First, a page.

Indiana officials say device tax will hamstring state industry

Indiana, home to devicemakers like Cook Medical and Zimmer, stands to lose big when the 2.3% medical device sales tax rolls around in January, state officials say.

During a visit to Fort Wayne's Greatbatch Medical facility, State Treasurer Richard Mourdock and Rep. Marlin Stutzman bemoaned the impending charge, part of the Affordable Care Act, saying it could cost 2,100 jobs in Indiana. Mourdock, a Republican running for a U.S. Senate seat, said the tax has already hampered Indiana's device industry, as Cook has scrapped plans to build 5 more facilities in the state in order to prepare for the hit.

Holding the presser at Greatbatch was something of an odd choice, though: The New York-based firm does not market devices of its own, instead manufacturing them for others, and thus would not have to pay the sales tax. Furthermore, the company is moving jobs to Indiana from its Swiss operations, a move Mourdock attributed to "the tax environment in Europe," but a Greatbatch spokesman told the Journal-Gazette that taxation was hardly the main motivator, citing instead the economic downturn overseas.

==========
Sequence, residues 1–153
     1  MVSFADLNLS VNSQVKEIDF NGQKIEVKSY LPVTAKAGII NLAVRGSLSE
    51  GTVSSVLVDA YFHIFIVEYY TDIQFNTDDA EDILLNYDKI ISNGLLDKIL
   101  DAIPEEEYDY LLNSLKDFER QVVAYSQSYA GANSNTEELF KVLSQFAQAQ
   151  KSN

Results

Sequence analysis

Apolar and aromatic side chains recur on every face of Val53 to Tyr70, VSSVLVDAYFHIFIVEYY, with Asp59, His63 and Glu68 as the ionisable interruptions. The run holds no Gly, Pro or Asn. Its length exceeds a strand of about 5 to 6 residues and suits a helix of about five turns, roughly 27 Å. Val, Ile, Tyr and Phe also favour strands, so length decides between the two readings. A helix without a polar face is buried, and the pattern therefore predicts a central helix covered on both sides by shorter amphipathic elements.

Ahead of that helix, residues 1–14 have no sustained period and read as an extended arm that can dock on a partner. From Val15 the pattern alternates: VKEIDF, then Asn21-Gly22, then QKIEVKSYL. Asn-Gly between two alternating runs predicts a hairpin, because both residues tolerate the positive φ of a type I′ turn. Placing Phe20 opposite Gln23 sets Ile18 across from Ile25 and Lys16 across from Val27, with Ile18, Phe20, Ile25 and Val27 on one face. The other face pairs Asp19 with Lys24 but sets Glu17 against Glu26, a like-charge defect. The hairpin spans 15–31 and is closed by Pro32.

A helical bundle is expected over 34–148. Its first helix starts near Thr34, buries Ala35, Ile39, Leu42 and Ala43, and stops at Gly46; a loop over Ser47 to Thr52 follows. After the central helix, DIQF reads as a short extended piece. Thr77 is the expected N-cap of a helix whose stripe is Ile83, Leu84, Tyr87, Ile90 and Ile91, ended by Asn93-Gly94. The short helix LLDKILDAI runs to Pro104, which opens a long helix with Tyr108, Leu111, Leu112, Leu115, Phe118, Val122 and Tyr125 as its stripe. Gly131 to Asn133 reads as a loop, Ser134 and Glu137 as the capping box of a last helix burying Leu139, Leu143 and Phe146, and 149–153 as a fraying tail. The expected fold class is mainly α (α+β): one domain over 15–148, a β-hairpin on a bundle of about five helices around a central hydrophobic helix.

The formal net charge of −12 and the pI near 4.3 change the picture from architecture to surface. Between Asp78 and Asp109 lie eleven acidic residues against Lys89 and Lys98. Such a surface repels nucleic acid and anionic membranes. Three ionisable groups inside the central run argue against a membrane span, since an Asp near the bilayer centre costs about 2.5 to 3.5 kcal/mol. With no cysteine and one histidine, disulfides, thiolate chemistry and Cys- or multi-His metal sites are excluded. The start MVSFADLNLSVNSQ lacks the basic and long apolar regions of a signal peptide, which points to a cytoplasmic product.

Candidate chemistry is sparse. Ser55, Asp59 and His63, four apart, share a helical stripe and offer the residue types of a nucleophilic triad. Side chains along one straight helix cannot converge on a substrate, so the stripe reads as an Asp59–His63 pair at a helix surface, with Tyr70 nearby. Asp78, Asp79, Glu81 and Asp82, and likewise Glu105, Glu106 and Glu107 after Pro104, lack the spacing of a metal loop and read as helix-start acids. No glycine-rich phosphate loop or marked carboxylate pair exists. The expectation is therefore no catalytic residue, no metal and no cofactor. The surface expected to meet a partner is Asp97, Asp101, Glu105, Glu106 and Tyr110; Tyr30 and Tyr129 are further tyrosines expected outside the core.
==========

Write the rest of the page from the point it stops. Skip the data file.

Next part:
In any case, Indiana's devicemakers are bracing for the tax. In addition to Cook's scuttled expansion plans, Zimmer has said it will cut 450 jobs to prepare for the hit. Nationwide, Stryker ($SYK) has already started slimming down its ranks, and Welch Allyn is looking to trim costs before the charge kicks in. Industry heavies are in the same boat, with Medtronic ($MDT) announcing it has streamlined many of its operations to prepare for the tax.

- read the Journal-Gazette story

Like what you're reading?
Click here to get more news like this delivered to your inbox every day >>

Suggested Articles

Spinal Elements, maker of a wide range of implants and products for minimally invasive spine procedures, has filed a $100 million IPO.

United Airlines will begin providing COVID-19 screening tests for passengers, allowing those who test negative to skip local quarantine requirements.

Babson Diagnostics has closed its series A funding round with a total of $13.7 million and named a new CEO.